LONDON (Reuters) - The daunting task facing the new boss of Morrisons (MRW.L) was illustrated on Thursday when Britain’s fourth biggest supermarket reported its lowest annual profit in eight years and warned investors it would cut its dividend.
The profit slump, a third straight decline, reflects Morrisons’ decision last year to spend 1 billion pounds on price cuts over three years to stem the loss of shoppers to discounters Aldi and Lidl, fuelling an industry price war.
David Potts, a former executive of market leader Tesco (TSCO.L), starts as Morrisons CEO on Monday. He will try to improve the performance of its core stores through lower prices, and better product availability and customer service.
“Whilst our broad strategy of saving to invest in our offer is the right one, David will be reviewing the plan to improve trading momentum,” Chairman Andrew Higginson told reporters.
He said Morrisons’ destiny was in its own hands. Under Potts the firm could return to growth but it would take time for investment to pay off.
“More customers means volume growth and it also means our stores are busier, our colleagues happier and we’ll get better deals from our suppliers,” Higginson added.
The chairman stressed that Morrisons was unique among British supermarkets in making over half of the fresh food it sells and has more freehold stores compared with rivals. It was also making progress in accelerating cost savings and reducing debt.
However, Potts takes over when Tesco is showing signs of recovery under its new boss Dave Lewis who has been in the job for six months.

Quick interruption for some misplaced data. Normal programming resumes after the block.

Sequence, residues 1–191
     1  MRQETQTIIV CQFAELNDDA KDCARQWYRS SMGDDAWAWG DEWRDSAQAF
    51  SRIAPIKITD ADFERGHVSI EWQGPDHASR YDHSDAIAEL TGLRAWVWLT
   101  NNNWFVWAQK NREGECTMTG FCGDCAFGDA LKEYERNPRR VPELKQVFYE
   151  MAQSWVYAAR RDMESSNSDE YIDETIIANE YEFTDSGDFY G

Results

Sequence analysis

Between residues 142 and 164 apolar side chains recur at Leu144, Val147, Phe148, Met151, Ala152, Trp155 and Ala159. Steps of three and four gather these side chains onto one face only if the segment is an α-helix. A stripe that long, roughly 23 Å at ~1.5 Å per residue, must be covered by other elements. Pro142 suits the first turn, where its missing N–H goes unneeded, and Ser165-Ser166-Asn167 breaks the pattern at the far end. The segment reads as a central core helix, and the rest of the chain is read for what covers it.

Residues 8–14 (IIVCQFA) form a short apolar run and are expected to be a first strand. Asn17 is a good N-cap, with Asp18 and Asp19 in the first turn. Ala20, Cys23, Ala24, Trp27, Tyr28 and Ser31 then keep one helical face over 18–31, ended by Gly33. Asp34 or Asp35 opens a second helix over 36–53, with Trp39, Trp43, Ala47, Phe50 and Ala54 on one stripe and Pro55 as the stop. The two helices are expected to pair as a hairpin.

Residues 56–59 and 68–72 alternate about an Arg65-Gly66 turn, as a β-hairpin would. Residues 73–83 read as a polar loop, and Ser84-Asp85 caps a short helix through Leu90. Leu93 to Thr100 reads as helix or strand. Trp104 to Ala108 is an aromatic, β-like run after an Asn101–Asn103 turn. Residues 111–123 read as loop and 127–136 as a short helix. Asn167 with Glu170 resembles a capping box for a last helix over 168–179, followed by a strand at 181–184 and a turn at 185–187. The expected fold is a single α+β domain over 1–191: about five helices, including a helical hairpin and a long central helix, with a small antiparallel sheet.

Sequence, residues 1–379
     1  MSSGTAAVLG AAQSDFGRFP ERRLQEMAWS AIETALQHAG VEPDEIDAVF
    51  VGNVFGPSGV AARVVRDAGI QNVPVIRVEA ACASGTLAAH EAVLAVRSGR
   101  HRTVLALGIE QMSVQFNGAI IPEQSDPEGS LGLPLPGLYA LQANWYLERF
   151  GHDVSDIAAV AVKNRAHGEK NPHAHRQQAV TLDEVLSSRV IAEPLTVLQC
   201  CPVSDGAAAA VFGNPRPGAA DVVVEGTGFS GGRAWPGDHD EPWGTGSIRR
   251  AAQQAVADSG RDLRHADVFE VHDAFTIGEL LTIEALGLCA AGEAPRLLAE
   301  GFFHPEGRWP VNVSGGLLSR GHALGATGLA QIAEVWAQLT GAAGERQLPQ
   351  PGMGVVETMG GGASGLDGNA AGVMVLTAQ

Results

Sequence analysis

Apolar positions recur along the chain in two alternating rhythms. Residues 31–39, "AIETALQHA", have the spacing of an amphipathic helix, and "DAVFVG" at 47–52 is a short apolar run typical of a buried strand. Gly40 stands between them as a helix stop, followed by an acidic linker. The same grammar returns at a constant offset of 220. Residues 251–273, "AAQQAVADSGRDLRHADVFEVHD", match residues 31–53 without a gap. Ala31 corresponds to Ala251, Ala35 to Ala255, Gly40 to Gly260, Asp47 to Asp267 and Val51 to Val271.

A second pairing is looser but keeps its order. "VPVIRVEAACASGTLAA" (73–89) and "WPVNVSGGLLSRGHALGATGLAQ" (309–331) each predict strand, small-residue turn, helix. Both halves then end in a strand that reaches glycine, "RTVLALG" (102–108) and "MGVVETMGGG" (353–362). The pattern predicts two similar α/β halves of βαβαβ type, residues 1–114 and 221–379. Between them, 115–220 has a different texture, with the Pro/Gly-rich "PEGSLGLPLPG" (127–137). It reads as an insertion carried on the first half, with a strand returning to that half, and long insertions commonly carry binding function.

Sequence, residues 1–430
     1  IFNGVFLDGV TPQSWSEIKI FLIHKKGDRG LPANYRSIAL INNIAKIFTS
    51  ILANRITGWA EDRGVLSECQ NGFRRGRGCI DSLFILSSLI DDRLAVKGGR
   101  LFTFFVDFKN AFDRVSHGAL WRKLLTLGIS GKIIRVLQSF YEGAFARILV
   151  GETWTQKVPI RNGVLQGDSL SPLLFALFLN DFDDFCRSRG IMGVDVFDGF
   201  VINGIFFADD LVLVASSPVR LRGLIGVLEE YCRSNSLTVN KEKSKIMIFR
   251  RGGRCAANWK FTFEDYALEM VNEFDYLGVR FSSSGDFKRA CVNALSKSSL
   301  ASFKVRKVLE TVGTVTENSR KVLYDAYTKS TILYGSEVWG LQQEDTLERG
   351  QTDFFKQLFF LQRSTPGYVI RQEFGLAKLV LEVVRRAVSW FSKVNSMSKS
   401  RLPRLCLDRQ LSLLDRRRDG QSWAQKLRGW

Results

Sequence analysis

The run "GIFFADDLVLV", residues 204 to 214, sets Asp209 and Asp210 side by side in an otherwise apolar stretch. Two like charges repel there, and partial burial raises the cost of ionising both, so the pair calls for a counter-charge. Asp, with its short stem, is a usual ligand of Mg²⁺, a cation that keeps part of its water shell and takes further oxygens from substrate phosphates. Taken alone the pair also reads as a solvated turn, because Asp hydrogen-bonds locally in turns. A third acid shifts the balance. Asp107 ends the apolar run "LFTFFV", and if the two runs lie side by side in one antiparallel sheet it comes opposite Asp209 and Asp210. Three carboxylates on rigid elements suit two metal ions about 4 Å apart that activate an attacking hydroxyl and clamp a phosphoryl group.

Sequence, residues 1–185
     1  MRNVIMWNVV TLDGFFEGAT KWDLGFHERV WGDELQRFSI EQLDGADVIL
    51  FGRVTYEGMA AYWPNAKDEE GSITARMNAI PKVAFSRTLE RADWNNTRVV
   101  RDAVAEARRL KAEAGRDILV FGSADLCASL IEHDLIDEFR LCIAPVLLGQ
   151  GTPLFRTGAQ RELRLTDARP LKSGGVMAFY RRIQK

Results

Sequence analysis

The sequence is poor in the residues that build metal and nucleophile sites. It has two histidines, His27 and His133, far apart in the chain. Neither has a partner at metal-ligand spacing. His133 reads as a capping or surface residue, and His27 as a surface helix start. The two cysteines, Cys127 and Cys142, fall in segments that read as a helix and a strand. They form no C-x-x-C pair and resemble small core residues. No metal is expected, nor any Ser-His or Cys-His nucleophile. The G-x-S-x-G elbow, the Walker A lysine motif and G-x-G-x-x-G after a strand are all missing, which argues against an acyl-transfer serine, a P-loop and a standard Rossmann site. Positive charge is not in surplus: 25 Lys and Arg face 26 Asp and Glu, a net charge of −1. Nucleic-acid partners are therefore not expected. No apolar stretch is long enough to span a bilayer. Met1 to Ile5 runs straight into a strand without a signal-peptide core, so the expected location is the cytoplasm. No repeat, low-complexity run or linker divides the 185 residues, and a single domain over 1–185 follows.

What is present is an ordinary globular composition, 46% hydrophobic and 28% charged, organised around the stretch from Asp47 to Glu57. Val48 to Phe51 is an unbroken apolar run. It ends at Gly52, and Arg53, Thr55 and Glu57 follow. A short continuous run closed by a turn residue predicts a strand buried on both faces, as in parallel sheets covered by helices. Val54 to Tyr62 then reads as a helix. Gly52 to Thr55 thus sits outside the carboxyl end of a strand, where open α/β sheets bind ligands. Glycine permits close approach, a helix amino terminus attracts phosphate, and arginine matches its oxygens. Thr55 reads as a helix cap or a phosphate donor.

Shares in Wm Morrison Supermarkets are down 12 percent year-on-year, though they have risen 17 percent over the last three months on recovery hopes. They were up 0.2 percent at 1120 GMT.
That was broadly in line with analysts’ average forecast of 342 million pounds but a big fall on the 719 million pounds made in 2013-14.
As well as price cuts the fall also reflects Morrisons late entry into the better performing parts of the market, namely convenience stores and online shopping.
The company also wrote down the value of its property portfolio by 1.3 billion pounds to reflect the deterioration in market conditions. As a result it posted an overall loss before tax of 792 million pounds.
The price war has even taken its toll on upmarket supermarket Waitrose [JLP.UL], which on Thursday reported a 23 percent fall in annual profit.
Morrisons’ Chief Financial Officer Trevor Strain said he was comfortable with analysts’ consensus underlying profit forecast for 2015-16 of 387 million pounds.
Despite the slump in profit, Morrisions is paying a total dividend of 13.65 pence for the full year, up 5 percent. But, it signalled lower future payouts, guiding to a dividend of not less than 5 pence per share for 2015-16.
Tesco has said it will not pay a final dividend this year, while Sainsbury’s has indicated it will reduce payouts.
Morrisons will also slow down the roll-out of ‘M local’ convenience stores and review the format. Twenty three ‘M local’ stores will close in the 2015-16 year.
Reporting by James Davey; Editing by Keith Weir